Why Make Resolutions If You Know You're Going To Fail?

I'm not so great at New Year's Resolutions.

Don't get me wrong - I'm fantastic at making them. I think long and hard and come up with really great SMART goals. I write them down in my planner where I think I'll revisit them regularly.

But I'm not great at keeping them. If you were to ask me in March of last year what my resolutions were, I probably couldn't tell you. And if you think I remember them now, a year later, you've got another think coming.

So if you're debating whether you should make an impossible resolution this year like to stop eating so many cheese curls or to climb Mount Whitney (every not-Whitney in the world wishes they had a mountain for a namesake), my challenge to you is to make the resolution regardless of your ability to achieve it. Here's why (based on my experience. Results may or may not be typical. It probably depends on the amount of coffee you drink. And the number of cheese curls you eat):

Better for the striving

We all are better for the striving (even if it only lasts a few months).

Any progress you make toward your goal is just that: progress. If you've been dying to mountain climb your namesake mountain but you're scared of failing - or falling, that would be my biggest fear - you'll never get off your couch.

Take my resolutions last year, for instance. I may not have achieved all of my 2016 goals (or even remembered what they were) but because of the striving, my business is better off than it was a year ago - I have great clients, a strong marketing strategy, and am constantly learning how to reach new prospects.

Because of the striving, my writing is better off than it was a year ago. In the past year, I spent several hundred hours writing, rewriting, editing, rewriting some more, and then for a little change of pace rewriting even more. I'm a firm believer in the 10,000 rule (Malcolm Gladwell's principle that anyone who practices a skill for 10,000 becomes an expert), so the sheer number of hours I spent writing in 2016 helped me become a better writer.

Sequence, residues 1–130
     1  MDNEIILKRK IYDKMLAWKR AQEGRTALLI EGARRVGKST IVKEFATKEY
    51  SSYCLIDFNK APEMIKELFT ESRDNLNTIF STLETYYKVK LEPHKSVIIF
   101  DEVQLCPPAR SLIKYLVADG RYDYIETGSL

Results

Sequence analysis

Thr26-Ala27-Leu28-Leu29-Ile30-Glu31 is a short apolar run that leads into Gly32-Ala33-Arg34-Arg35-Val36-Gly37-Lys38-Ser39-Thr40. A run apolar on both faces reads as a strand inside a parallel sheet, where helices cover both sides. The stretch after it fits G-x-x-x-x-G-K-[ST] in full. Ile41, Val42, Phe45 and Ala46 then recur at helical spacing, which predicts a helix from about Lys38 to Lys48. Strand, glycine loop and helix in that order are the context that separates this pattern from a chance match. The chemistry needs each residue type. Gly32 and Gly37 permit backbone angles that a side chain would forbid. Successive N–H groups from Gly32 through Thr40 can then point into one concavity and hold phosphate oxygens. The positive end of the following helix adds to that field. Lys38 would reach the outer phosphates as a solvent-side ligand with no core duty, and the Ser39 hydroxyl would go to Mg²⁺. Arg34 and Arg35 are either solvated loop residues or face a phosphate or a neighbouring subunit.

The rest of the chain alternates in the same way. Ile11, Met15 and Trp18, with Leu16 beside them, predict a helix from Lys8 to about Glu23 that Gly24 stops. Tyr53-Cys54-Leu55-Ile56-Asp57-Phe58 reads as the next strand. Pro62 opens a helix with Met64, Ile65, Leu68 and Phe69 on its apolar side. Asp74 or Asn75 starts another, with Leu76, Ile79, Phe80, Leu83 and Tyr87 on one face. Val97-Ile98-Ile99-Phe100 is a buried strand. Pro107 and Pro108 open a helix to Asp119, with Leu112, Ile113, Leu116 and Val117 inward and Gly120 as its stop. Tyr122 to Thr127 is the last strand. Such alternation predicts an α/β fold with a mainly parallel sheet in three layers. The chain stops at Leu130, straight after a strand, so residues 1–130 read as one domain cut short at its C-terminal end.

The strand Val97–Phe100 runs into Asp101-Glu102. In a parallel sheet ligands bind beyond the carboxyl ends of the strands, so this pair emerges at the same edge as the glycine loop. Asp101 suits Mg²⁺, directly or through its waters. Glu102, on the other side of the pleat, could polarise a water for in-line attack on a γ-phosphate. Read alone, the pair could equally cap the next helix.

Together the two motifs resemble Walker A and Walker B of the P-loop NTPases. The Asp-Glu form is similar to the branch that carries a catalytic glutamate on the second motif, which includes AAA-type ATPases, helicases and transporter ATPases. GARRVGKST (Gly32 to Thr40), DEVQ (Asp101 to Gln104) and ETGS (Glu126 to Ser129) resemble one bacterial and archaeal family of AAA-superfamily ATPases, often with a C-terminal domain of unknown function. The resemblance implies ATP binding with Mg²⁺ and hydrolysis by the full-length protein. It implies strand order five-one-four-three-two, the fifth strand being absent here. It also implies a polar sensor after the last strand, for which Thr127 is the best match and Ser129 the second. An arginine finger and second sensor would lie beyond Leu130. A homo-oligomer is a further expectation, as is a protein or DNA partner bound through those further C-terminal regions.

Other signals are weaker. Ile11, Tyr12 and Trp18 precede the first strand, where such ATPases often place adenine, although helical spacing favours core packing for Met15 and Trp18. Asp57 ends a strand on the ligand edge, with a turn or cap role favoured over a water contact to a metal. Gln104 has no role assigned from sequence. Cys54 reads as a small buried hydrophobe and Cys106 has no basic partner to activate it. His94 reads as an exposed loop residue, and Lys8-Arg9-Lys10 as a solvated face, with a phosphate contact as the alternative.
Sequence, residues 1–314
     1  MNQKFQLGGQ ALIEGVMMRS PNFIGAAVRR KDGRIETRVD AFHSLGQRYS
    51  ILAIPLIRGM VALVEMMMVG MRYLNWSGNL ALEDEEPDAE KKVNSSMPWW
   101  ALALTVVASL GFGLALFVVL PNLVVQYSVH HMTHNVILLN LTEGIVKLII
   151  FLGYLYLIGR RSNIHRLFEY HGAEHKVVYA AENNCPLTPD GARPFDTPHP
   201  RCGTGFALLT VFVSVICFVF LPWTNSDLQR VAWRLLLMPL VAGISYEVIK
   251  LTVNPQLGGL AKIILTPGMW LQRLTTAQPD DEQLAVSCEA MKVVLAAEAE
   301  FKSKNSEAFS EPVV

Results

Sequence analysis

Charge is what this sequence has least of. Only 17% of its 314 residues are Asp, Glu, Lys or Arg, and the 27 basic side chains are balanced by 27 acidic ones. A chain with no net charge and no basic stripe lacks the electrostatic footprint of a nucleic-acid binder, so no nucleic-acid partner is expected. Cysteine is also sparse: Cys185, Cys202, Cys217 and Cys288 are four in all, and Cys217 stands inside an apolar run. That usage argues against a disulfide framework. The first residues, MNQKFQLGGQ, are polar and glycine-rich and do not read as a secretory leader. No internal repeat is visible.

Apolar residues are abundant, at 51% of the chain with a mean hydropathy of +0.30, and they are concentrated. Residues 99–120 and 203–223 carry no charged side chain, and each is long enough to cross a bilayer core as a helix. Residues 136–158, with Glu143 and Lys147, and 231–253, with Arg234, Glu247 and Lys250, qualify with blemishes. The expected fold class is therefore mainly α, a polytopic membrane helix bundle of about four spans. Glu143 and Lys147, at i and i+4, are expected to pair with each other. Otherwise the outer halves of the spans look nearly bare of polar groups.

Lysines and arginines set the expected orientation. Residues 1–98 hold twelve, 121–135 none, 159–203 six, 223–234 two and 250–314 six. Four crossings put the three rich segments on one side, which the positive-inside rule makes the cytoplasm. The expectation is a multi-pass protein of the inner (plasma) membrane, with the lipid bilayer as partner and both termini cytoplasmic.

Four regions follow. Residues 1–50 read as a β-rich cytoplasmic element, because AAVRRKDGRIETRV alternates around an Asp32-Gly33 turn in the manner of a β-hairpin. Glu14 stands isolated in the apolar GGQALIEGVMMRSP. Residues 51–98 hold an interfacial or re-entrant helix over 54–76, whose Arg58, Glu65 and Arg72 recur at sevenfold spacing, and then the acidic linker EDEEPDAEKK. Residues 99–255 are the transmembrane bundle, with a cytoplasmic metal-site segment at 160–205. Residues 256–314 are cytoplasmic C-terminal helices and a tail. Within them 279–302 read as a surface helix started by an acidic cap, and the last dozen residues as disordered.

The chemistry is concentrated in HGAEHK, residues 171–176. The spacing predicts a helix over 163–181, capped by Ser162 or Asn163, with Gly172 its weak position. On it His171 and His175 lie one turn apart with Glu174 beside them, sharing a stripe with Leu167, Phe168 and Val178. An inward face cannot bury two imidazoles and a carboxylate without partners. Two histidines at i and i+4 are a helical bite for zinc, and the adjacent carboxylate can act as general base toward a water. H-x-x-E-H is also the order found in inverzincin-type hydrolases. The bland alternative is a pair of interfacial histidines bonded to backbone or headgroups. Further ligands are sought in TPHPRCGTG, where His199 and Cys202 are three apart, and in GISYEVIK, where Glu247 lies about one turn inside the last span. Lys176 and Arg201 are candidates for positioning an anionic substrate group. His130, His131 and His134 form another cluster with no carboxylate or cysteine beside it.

Because of the striving, I've read more books, spent more time writing, and learned more things like how to boost productivity, how to meet new prospects, and how to create a better website (mostly it's about hiring someone who knows what they're doing ;)).

Because of the striving, I also probably drank too much coffee. Or maybe that was motherhood. Either way, I was on a year-long caffeine high.

Goals can change

Let's say your name is Everest and you made a goal on January 1 to climb Mount Whitney. But in a few weeks you learn that there's actually a cooler mountain called Mount Everest so you decide to climb that instead. Do you need to feel guilty for changing your goal? Um, hardly. Because from what I hear, anyone who climbs Mount Everest achieves immediate mountain climber guru status.

My aims weren't quite that high in 2016, but something that just sort of happened last year - I didn't actively try to do this - was that I was constantly adjusting my goals. And that is totally okay.

Because 2016 was my first year freelancing full-time, I was on a very big learning curve. I had been a moonlight-and-lunch-break freelancer for several years, but that was nothing like doing this thing as my one and only job. What I knew at the beginning of the year as opposed to what I knew in, say, October, was vastly different. The goals I set January 1, 2016 gradually changed over time to become better or more feasible goals.

For instance, at the beginning of 2016, my only marketing strategy was social media and maybe some email. I spent much of the year reading books and taking online courses about how to be a better freelancer. After participating in a freelance writer's bootcamp on marketing, I learned some new principles to apply to reach new prospects. My goal at the beginning of 2016 was to write blog posts and then share them on social platforms and hope someone read them and maybe hired me. Pitiful, I know. After learning from some older, wiser writers, my goal in the middle of 2016 changed to a more targeted approach to reach prospects who really needed a writer instead of just those who happened to follow me on Twitter.

I hope when we look back on 2017 even if we didn't climb some ridiculously tall mountain or stop eating cheese curls, we'll be able to say we learned new things and made even better goals based on that new knowledge.

Onward and forward

Here's to you as you learn, grow, fail, and learn and grow some more in 2017. We're in this together. And here's to a second fantastic year of full-time freelancing. When I feel like whining about certain parts of this job (bookkeeping, anyone?!), I stop and remember that not everyone gets to live this dream life. Or drink this much coffee. Cheers.